McKINLEY, James

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McKINLEY, James (1865 -1926), 60, died at sea of starvation off Santa Catalina Island. His fishing companion, Eli Kelly, resorted to cannibalism and ate parts of McKinley to survive.


James McKinley = [1890] Isadora Fortner (1872-1947)

  • Thurman McKinley (1891-1940)



In the News~

December 20, 1926 [LAT/SCat]: “Avalon… A grim tragedy of sea in which one man died of starvation and another gave up hope of rescue and life after reaching the beach on Catalina Island was related last night in the island branch of the Golden State Hospital by Ely B. Kelly, 69 years of age, a Redondo fisherman, who had been adrift on the sea since the 8th inst., in an open boat. James McKinley, 63, also a fisherman and companion of Kelly, was found dead in the bottom of the Grey Boat, their fishing yawl, drifting off the west end of Catalina Island. Captain George Michaelis, skipper of the boat Leona, recovered the craft and the body, which were removed to Avalon. Kelly, suffering from hunger and exposure, told the thrilling tale of the sea to Constable Moricich at the hospital…”


December 20, 1926 [Tacoma Daily News]: “Fisherman picked up on Catalina Island coast tells terrible story of suffering after his companion dies. Avalon, Santa Catalina Island, Cal., Dec. 20.—The startling admission that he had eaten the flesh of a dead companion whom he survived when the two were cast adrift at sea in an open boat, was made here last night by Eli B. Kelly, 69, Redondo fisherman. Kelly was picked up on the beach near here yesterday and brought to a hospital where he told of his grim sea tragedy. The mutilated body of his companion, James McKinley, 63, was found in the bottom of a small fishing yawl drifting off the end of the island. Constable Moricich, after an examination of the body, reported that strips of flesh had been sliced from the dead man's right leg and hip. Kelley, he said, later confessed to having carved the flesh away with a bait knife after his companion had died in the open boat and he himself was facing starvation. After finally reaching land, Kelly said, his last effort to sustain life was to eat cactus. Kelley said he had been adrift for 11 days and had been without food or water for eight days. His shipmate, crazed by hunger and thirst when supplies ran out, died from exhaustion after three attempts to drown himself. Kelly said he rescued his companion three times. According to Kelly's story, the two men set out on a fishing cruise from Redondo, December 8, in a 20-foot yawl.On the second night out they ran into a storm which stripped their mainsail and swamped their auxiliary engine. Manning their oars the two castaways struggled against the storm which carried them far out to sea. With provisions only for 24 hours, they nibbled sparingly at the dwindling rations. After being tossed about on the waves for days, McKinley became insane. Pointing to imaginary headlands, he demanded that they pull oars for shore. A quarrel sprang up when Kelly persisted in following his compass. On the third night, McKinley, crazed by hunger and thirst, again took up the quarrel and suddenly lurched at his companion with a bait knife in his hands. Kelly overpowered his mad companion and bound him with the stern sheets. Even in this position McKinley could not be subdued and three times he rolled himself over the gunwale and plunged into the sea. Three times Kelly rescued him. Finally McKinley dies from sheer exhaustion. With his dead companion at his back, Kelly returned to his oars. On the fifth day the last crumb of food had been eaten. It was then that he attempted to appease his gnawing hunger with human flesh. He sighted land yesterday and reaching the island, crawled on the beach. Dragging tarpaulins after him he used these and a few sacks as a covering from scavengers and lay down to die. He was found, near exhaustion and half starved by fishermen. The boat, with its dead cargo, was found a mile away, where it had drifted.”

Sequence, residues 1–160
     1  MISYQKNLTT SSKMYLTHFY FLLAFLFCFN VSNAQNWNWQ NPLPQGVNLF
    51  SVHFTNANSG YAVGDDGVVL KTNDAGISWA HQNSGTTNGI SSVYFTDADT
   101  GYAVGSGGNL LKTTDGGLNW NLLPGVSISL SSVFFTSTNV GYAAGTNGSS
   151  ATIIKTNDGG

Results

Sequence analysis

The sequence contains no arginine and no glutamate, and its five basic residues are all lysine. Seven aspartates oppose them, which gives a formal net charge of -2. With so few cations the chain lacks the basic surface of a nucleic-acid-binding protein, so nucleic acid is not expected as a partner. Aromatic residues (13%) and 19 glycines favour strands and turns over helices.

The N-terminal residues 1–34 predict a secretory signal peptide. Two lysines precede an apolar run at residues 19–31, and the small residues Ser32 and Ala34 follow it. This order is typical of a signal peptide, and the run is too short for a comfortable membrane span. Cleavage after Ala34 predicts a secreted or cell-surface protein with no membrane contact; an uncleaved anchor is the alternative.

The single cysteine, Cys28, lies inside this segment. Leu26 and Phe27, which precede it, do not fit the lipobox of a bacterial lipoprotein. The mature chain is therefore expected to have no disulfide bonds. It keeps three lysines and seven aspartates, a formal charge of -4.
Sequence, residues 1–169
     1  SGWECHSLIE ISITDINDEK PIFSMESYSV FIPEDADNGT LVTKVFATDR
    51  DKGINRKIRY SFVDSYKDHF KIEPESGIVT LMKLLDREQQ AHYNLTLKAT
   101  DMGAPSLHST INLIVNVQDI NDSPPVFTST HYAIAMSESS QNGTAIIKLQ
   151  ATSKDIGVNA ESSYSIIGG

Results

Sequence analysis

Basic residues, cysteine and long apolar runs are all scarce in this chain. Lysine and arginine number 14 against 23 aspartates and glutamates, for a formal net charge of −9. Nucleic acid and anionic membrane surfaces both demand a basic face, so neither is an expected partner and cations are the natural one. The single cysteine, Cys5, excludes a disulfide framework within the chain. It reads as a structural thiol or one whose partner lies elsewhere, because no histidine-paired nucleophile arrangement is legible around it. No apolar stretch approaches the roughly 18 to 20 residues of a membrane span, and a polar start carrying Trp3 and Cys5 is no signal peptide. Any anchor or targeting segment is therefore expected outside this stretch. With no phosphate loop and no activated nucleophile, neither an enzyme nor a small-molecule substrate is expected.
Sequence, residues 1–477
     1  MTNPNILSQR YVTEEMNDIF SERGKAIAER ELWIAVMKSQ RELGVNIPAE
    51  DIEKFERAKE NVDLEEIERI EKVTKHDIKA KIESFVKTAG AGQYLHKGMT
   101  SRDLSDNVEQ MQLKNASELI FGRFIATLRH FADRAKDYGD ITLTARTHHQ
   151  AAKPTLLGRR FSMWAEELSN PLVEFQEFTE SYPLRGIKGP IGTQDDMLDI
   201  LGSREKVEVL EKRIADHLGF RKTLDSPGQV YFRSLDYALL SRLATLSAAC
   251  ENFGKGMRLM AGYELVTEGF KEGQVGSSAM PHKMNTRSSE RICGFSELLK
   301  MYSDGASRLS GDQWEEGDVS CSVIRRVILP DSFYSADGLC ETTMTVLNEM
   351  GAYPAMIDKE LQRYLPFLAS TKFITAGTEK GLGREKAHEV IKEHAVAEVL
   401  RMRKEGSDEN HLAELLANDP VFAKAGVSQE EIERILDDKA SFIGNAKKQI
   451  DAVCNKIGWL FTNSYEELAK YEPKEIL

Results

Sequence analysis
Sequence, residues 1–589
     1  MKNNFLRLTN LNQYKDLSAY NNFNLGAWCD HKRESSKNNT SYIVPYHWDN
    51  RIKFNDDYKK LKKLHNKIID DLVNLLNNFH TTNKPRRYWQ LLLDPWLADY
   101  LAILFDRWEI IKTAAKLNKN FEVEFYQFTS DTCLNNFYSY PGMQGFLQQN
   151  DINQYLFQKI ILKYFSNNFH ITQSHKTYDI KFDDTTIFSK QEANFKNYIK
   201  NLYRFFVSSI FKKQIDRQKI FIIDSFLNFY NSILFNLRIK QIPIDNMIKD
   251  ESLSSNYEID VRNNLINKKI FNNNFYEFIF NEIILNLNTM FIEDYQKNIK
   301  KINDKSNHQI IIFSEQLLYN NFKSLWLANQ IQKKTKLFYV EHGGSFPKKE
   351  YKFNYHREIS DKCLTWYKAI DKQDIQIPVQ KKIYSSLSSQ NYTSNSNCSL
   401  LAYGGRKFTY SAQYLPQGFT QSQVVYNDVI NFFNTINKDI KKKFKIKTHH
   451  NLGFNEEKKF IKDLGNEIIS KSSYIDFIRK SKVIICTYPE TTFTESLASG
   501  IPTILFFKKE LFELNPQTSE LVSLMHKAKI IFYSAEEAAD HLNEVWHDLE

December 21, 1926 [LAT/SCat]: “Avalon… The surviving member of the fishing party, who managed with threadbare sails to guide this boat to Catalina Island Sunday morning, has been a patient in the hospital at Avalon. As he slowly recovered his strength yesterday, he told details of the terrible voyage to Constable Moricich — a story that made its hearers shrink from its very gruesomeness…”